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EM waves

  1. Jul 18, 2004 #1
    I'm reading an astronomy textbook, and I'm not sure about some things. The textbook says the EM waves are caused by accelerating charges. I don't understand how this is. I'm not sure, but my memory and intuition tells me that only charges moving in a sinuosidal (can never spell it) manner.

    Also regarding synchrotron emission, since the magnetic field does no work on the charge and the KE of the particle does not decrease, where does the energy in the radiation come from?

    And one more question. From what exactly does the radiation from a blackbody originate?

  2. jcsd
  3. Jul 19, 2004 #2


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    Any acceleration can be decomposed into sinusoids, if that helps you swallow it. However, fundamentally, sinusoidal behavior is not a requirement for EMR.

    One of the features that characterizes synchrotron radiation is that the motion of the charge is relativistic. In such a consideration, the electric and magnetic fields do not conveniently separate. You could speak of certain components of the electromagnetic field tensor as electric components and magnetic components, however, there are really just different components of the same field, and they can be rotated. What happens in the rest frame of the charge? Does the magnetic field accelerated the charge from rest, thereby doing work? No. In the rest frame, the components that were characteristically magnetic actually rotate into components that are characteristically electric. AFAIK, there is a decrease in KE, as well as gravitational PE.

    Firstly, realize that black-bodies are not believed to literally exist (except possibly for some exotic forms of matter). The model of the black body is derived from a resonant cavity. Modes of raditation bounce back and forth within the cavity. The temperature of the wall of the cavity determines the probablity that it will be able to absorbe or reflect a photon of a certain frequency mode back into the cavity, thus eliminating or preserving that frequency in the resononace. These two basic mechanisms together produce the familiar black-body spectral curve.
  4. Jul 19, 2004 #3
    Thanks for the help turin.

    But as far as black body radiation goes, from what I understand, a lot of things, although not perfect blackbodies, are pretty close in behaviour. Given that these objects are not cavities, how does one explain the radiation distribution for these?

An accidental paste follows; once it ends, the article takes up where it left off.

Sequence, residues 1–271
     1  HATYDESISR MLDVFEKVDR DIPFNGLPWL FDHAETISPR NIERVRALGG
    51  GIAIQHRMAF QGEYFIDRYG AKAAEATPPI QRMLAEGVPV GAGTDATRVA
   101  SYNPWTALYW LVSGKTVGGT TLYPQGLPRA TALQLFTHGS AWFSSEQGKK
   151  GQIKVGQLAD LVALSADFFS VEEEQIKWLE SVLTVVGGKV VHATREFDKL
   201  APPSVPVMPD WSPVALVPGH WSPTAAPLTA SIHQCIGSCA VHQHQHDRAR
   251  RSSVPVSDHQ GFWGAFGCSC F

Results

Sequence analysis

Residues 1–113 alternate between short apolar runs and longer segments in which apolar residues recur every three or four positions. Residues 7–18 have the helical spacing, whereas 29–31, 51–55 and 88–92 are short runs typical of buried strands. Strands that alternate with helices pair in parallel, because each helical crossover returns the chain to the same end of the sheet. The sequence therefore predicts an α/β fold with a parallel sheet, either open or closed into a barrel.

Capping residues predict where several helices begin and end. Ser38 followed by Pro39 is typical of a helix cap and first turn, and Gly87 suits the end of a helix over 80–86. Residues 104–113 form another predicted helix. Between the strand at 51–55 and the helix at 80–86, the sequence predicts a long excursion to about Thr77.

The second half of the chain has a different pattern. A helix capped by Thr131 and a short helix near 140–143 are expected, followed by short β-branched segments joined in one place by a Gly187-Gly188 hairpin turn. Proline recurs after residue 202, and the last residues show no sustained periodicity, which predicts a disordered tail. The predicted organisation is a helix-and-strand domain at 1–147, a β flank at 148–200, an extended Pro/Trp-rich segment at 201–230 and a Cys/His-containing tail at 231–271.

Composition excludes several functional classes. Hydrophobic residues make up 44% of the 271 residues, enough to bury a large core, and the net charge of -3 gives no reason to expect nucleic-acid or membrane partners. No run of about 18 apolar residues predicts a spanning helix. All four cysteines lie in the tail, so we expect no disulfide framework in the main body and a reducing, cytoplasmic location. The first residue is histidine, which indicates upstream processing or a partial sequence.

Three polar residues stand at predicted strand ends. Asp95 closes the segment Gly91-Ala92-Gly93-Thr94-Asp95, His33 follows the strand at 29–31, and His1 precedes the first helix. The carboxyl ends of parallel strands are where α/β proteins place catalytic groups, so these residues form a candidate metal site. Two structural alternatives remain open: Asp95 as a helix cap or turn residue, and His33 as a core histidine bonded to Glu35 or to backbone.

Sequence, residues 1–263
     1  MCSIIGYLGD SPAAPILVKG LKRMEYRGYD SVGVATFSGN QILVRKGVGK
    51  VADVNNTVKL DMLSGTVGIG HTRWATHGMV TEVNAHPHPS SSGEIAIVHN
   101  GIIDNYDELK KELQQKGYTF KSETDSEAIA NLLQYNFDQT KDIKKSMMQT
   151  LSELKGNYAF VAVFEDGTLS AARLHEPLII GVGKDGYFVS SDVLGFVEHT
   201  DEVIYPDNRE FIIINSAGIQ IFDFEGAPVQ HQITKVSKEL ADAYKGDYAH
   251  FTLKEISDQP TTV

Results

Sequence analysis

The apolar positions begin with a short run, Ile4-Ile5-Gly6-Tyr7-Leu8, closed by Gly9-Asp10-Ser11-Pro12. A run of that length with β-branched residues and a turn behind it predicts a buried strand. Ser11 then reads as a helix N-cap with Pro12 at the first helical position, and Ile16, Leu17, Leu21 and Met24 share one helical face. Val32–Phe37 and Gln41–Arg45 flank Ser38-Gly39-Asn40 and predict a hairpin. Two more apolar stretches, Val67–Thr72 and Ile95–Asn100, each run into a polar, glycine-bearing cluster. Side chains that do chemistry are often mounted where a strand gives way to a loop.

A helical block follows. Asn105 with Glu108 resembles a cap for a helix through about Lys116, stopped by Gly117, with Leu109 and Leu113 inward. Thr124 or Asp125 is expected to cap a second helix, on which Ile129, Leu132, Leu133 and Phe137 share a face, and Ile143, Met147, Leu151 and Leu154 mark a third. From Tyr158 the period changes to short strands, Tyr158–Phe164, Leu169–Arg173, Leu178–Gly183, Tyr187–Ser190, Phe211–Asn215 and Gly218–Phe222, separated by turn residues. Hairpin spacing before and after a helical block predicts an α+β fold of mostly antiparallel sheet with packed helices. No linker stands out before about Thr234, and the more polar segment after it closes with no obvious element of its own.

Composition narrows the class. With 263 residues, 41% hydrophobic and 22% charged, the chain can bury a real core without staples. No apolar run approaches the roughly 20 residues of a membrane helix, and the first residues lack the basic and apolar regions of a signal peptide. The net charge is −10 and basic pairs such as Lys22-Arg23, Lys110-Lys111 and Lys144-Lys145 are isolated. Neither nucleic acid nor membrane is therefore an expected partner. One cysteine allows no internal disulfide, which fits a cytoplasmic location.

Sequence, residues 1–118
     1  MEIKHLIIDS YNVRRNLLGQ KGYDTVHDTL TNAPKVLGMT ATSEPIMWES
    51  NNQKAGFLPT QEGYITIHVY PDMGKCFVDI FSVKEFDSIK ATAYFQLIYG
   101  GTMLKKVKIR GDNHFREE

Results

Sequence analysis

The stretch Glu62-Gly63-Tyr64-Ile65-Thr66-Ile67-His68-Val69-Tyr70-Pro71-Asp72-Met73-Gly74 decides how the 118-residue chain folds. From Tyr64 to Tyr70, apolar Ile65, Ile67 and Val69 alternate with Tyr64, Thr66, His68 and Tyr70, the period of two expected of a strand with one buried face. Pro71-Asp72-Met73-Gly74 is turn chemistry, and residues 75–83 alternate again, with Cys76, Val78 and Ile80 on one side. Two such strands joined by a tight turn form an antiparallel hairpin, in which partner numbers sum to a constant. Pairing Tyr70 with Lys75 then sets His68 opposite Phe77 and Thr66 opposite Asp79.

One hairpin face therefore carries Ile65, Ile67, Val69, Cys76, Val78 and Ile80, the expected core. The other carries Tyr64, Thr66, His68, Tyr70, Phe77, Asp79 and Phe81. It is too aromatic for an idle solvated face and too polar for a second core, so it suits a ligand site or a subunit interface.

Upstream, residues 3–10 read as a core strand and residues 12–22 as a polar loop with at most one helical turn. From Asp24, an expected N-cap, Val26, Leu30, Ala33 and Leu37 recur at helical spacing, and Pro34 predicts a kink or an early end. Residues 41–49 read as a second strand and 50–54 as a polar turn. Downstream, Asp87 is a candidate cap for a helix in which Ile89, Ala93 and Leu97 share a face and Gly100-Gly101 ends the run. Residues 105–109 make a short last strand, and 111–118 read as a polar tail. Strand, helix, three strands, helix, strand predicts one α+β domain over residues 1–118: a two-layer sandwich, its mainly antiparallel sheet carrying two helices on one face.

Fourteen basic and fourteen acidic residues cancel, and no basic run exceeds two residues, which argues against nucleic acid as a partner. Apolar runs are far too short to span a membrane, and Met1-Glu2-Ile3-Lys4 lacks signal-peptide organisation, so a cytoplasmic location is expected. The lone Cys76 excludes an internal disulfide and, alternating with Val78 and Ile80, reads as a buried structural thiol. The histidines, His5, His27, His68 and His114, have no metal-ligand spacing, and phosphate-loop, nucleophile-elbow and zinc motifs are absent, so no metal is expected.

5. Jul 20, 2004 #4


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    The spectra of many of the very hot objects seen out in space are very close to what we would expect to see in a black body. It's not even limited to astronomical bodies; the spectrum emitted by a red-hot stove-top will also closely approximate the spectrum of a black-body.

    The way I understand it is that the high temperatures excite modes of small enough wavelength that the inter-particular spacings (and even the particles themselves) act like little cavities. The wavelength is so small that the consituents themselves actually absorb the radiation and hold onto it long enough to obscure its identity. Density also plays a roll in this mechanism of black-body impersonation. If the particles that compose the body are packed closely enough together, then they can release their acquired energy to adjacent particles in different amounts than the strict energy levels of there electrons (whereas in a sparse instersellar gas, for instance, you see sharp lines because the atoms in the gas are operating independently, and thus the emission is due to electron orbital transitions.)

    When the body releases the energy, it does so according to the statistics. That is, the frequency at which it releases the energy has a temperature dependence. At a particular temperature, there is a frequency at which a photon is most likely to be emitted because it corresponds roughly to the thermal quantum kBT. Of course, the temperature is statistical, so the radiated frequency is statistical.

    This may not be entirely accurate, but it is how I sleep at night.
    Last edited: Jul 20, 2004
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